Thirty Over Thirty

If you have been following us at Unbelievably, then you know that we are a University of Montana classroom full of young bucks and does. There has not been a poll, but I would be willing to bet that the mean age is around 24 years. Allow me to take this opportunity, as the token “old” person, to clue you in to a few things that may be coming your way as you get older.

Thirty after Thirty


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After 30,everything hurts more. From stubbing your toes, to working out at the gym, you will just hurt more. You will get used to it, trust me.

After 30, it will be harder to maintain your weight. The foods you enjoy the most will now cling to your sides, like a child clinging to its mother. You will either have to work harder to lose it, or accept your new, fluffier self.

After 30, sleep will take precedence above going out. There will still be times you like to go out, but it won’t be the production it used to be. In the cost/benefit analysis, sleep will almost always beat anything else. When you do go out, it will be fun to look around and try to figure out if you are the oldest person there.

After 30, college is more difficult. Your future self is thanking you for getting this over with right now. When you are an older student, you are plagued by the constant references make by instructors who are younger than you about your generation. No, my generation was the tail end of Generation X, not the tech-savvy, self-entitled one so often referenced in the media. Some professors will patronize you with “life lessons” that you learned ten years ago. Especially the “life’s not fair” lesson.

After 30, it will become difficult to relate to people who are twenty-five or younger. You won’t watch the same shows, know the same songs, or use the same social media outlet. I love being around people that age, but small talk is almost impossible. Heck, I still watch Seinfeld. I still say “heck.

After 30, you are expected by society to be at a certain place in your life. If you are not, you will be judged harshly. Not married? No kids? Don’t own your own house? Don’t have an “adult” job, free of name tags and hair-nets? You will be judged as a person who is immature and cannot handle responsibility, not a person free of the demands of modern materialism.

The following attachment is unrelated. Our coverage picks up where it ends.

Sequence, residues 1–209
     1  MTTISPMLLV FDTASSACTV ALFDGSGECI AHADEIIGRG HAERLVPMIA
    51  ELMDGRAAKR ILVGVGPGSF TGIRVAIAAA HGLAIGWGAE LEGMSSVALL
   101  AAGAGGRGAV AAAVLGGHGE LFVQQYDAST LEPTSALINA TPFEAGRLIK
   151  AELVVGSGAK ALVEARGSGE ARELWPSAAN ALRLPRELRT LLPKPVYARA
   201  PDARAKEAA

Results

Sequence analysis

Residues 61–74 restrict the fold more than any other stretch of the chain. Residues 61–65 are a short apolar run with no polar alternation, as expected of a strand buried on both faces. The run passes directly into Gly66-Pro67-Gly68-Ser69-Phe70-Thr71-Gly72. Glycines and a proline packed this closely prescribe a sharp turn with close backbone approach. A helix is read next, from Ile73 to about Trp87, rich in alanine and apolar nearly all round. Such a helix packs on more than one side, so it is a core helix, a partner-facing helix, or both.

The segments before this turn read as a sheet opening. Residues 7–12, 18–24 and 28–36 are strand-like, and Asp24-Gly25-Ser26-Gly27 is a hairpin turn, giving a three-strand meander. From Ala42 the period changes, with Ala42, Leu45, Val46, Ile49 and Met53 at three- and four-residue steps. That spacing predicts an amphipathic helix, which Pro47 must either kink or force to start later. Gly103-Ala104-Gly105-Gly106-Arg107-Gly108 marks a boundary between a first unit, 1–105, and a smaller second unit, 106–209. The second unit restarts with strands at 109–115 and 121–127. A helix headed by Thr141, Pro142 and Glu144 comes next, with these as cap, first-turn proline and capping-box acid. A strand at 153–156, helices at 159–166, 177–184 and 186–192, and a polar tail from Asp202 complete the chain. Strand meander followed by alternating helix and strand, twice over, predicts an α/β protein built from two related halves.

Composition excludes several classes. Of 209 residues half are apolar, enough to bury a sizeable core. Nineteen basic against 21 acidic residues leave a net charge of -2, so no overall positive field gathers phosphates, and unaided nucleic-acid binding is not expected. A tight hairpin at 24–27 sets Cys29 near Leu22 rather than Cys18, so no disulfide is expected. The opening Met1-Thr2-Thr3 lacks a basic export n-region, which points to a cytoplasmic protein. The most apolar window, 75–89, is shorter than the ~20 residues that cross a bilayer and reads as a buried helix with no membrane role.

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After 30, birthdays are just silly. Honestly, I can’t remember the last birthday present I ever got. I usually just look for who remembered me on Facebook, and fill up a growler or two.

After 30, you will struggle to keep up with trends in everything. You are no longer the demographic of choice, because you no longer have the highest lifetime value. Ads are not pointed at you, and it is just too much effort to keep up with all the new music, hairstyles, cultural trends, and hot new phrases. At your age, you have enough to remember.

After 30, there are rules. No more tattoos, no more spiked hair, and remember, certain outfits are no longer appropriate at your age. No more tank tops for you fellas, and for you ladies, no more miniskirts.

After 30, you will not have the same number of friends you have now. Everyone is just too busy for you. You will settle for few, carefully-planned visits with people you really care about, people who are worthy of your time and are who are loyal.

After 30, the personality you have is stable. This is what you have to work with, like it or not. It becomes more difficult to change, and you grow to find comfort in habits and routines. This includes beliefs. It is a good idea to challenge them from time to time, to see if you really are on the ethical path.

After 30, you will see the things you loved as a kid, and what you were into as a teen, get rebooted as something “retro” or “classic.” I saw a girl wearing a hoodie with the number “1979” on it. The year I was born. I still don’t understand why anyone wears clothing with dates on it. You will see all your favorite toys, shows, and movies reappear as new movies, toys, and t-shirts. You will cringe the first time you hear your favorite song from freshman year on the “oldies” station.

Big Wheels

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After 30, if you are still lucky enough to have your grandparents alive and well, you will be in the minority. This is the beginning of the losses you will have in your life, for most of you. I won’t tell you to get used to it, because you won’t. I lost my last grandparent almost twenty years ago, and I still think of her every day.